The first week of rehearsals for Once Upon A Time In The Dark, Dark Wood is over. In this candid interview, Artistic Director, choreographer, and dancer Caroline Lamb reflects upon this unusual combination of older dancers working with younger choreographers, and the challenges this has posed.

It’s the end of the first week of rehearsals for Once Upon A Time In The Dark, Dark Wood. How have you and the older professionals found working with the younger choreographers and their approach to choreographing?

It is very interesting, seeing the younger choreographer’s different approach to working. They work a lot with improvisation, and with ways in which we naturally move. Jessie [Brett] did an exercise about ‘muscles, skin, and bones’, encouraging us to look at how each of these individual components contribute to the way in which we move. They are working in a very ‘organic’ way, where we as the dancers come up with our own responses.

It is different to the way I work. When I choreograph, it’s much more about bringing things to the dancer. I say ‘here are some moves, this is the situation’…


As an older dancer, how have you responded to this different approach?

It’s re-awakening. These young choreographers are re-awakening awareness in us. We’re going back and discovering things in new ways. In some ways it’s actually quite exposing…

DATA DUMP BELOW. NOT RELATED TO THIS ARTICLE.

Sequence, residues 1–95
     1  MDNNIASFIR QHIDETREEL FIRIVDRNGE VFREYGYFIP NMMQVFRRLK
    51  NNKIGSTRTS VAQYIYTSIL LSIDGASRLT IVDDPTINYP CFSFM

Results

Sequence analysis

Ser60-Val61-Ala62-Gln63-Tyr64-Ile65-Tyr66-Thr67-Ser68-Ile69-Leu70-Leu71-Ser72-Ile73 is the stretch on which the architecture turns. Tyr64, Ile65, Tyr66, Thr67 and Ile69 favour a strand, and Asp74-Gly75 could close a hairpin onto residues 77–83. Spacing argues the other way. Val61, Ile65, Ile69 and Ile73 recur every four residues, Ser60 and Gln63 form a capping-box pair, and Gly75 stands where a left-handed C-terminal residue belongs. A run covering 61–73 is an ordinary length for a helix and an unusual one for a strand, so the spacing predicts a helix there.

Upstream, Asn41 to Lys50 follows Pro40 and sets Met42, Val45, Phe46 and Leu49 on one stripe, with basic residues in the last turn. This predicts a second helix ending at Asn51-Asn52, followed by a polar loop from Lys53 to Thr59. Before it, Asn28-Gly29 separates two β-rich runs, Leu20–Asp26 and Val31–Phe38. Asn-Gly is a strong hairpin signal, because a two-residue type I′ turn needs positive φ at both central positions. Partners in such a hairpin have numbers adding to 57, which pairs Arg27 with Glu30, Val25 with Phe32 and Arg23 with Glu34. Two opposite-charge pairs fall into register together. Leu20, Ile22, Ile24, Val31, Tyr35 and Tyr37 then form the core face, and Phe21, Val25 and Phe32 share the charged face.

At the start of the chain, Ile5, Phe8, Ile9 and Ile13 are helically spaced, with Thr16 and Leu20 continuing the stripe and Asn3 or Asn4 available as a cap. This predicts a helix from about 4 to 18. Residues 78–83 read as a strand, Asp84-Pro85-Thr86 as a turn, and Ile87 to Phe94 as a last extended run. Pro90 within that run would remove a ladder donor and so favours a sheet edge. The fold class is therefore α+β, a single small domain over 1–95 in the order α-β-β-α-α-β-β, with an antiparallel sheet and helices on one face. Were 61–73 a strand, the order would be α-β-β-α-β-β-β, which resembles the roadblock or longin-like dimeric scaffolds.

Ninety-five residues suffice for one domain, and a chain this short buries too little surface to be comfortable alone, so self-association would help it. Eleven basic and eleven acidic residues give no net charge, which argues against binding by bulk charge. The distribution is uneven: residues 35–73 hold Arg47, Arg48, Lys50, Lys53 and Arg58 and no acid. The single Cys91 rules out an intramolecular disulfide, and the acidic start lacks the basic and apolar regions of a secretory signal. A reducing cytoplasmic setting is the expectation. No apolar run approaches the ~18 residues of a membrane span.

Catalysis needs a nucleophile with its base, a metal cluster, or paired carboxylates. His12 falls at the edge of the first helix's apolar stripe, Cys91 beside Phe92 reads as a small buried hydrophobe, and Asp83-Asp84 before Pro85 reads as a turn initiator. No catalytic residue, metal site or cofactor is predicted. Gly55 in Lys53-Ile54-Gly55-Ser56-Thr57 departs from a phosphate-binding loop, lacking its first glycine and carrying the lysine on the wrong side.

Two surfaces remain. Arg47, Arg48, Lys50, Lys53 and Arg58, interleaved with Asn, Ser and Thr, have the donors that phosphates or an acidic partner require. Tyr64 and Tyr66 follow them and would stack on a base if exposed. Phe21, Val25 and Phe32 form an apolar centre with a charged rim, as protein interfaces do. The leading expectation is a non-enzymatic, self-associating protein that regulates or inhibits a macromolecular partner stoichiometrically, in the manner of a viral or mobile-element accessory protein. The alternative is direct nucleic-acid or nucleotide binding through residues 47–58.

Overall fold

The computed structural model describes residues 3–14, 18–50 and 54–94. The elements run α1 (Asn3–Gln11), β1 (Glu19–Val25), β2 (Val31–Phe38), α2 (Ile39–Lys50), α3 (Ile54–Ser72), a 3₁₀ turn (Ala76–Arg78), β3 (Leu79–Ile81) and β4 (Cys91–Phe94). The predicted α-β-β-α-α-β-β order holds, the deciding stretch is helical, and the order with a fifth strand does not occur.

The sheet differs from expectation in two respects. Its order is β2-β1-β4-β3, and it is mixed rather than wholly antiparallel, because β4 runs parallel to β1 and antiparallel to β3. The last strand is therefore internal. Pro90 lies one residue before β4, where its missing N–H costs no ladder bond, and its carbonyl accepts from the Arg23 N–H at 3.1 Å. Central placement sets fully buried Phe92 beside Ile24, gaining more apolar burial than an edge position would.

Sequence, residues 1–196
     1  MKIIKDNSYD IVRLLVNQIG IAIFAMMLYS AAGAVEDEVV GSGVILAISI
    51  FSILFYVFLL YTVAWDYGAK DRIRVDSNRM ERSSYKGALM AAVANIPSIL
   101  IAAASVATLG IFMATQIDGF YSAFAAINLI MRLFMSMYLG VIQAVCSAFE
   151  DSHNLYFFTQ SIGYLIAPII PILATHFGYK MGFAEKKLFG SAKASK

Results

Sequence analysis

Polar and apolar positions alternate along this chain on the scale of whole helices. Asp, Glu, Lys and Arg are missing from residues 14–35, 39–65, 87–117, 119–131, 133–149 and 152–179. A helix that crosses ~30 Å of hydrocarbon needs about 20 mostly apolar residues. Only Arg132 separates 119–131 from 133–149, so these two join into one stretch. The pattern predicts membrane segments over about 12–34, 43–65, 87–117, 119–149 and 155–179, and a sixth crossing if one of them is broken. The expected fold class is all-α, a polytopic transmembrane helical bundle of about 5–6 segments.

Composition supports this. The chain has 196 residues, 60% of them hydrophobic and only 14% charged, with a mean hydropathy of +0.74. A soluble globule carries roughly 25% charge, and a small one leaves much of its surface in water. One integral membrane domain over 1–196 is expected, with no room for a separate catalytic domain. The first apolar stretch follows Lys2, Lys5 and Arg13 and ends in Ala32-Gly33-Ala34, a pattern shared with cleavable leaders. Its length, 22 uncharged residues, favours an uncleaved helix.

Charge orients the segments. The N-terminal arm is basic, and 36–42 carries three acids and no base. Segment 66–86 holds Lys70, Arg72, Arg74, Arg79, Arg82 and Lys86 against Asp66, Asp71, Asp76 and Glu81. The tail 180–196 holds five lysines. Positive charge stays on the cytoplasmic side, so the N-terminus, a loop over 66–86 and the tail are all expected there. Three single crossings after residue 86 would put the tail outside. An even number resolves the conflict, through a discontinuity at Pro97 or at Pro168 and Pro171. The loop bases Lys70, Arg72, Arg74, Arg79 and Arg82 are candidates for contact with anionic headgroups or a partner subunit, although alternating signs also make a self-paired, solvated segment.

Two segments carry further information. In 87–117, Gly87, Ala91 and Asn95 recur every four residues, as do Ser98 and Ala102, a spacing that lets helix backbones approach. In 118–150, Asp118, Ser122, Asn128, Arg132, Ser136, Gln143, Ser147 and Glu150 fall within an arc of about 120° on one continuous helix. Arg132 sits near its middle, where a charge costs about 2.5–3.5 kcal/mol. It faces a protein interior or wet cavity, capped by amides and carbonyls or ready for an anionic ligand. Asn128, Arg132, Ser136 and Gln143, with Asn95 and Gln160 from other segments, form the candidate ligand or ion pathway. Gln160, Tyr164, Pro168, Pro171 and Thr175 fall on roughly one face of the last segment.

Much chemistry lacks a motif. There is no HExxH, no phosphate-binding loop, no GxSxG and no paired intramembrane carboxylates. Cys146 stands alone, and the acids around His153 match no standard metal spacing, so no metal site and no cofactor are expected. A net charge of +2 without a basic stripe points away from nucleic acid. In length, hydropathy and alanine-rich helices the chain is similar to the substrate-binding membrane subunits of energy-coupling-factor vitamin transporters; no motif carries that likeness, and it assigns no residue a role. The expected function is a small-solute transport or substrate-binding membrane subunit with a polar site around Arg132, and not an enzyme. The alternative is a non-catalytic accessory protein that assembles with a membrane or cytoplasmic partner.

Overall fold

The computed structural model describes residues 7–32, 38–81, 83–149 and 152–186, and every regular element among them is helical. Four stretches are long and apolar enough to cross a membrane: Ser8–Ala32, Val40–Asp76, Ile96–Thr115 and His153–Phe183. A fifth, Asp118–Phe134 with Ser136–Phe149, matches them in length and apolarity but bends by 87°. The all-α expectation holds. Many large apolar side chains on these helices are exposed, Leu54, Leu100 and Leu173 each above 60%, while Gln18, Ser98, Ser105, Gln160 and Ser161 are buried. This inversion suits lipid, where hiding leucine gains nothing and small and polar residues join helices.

In what respect?

You’ve learnt over the years to cover up the things you think you don’t do very well as a dancer. Now you’re having to find ways of doing them again. You’re exposing yourself, not just your strengths, but your flaws too. Jo [Young] has given us some very interesting tasks to do creating detailed movement from pictures. I’ve loved doing it but I am aware that my muscle memory is a bit rusty!


Are there any particular elements that you’ve struggled with?

The younger choreographers use laptops and cameras, which of course is different to how I work. They record us dancing and then watch the material of the dancers improvising. When they see something they like, they show us, and we attempt to re-create it. For me, that is a tough thing to do – trying to work it out bit by bit is very hard. I feel more comfortable improvising and then setting the piece.

The younger choreographers approach involves the dancers opening up and giving a lot. It’s been quite emotional. I’ve found I’ve been holding a lot of tension in my chest. Initially, I was resisting ideas, I was struggling. As we went on, I let go more. It was very re-assuring. You are releasing and letting go. A lot of the time my work is about ‘holding on’, about how tough life is and the choice of either collapsing and giving up, or holding in there. You learn that as you get older, you need to somehow deal with things, despite painful or tough situations.


Have you found the work physically challenging?

Yes, we are all complaining of lower back pain! We’re all older and our bodies are not as strong. It can leave you feeling a bit vulnerable.

It is challenging, physically and emotionally, but this is what the production is about. We’re all pushing ourselves, and it is exciting. It’s been joyous seeing how much everyone can still do despite their age, and how vibrant the mature dancers still look.

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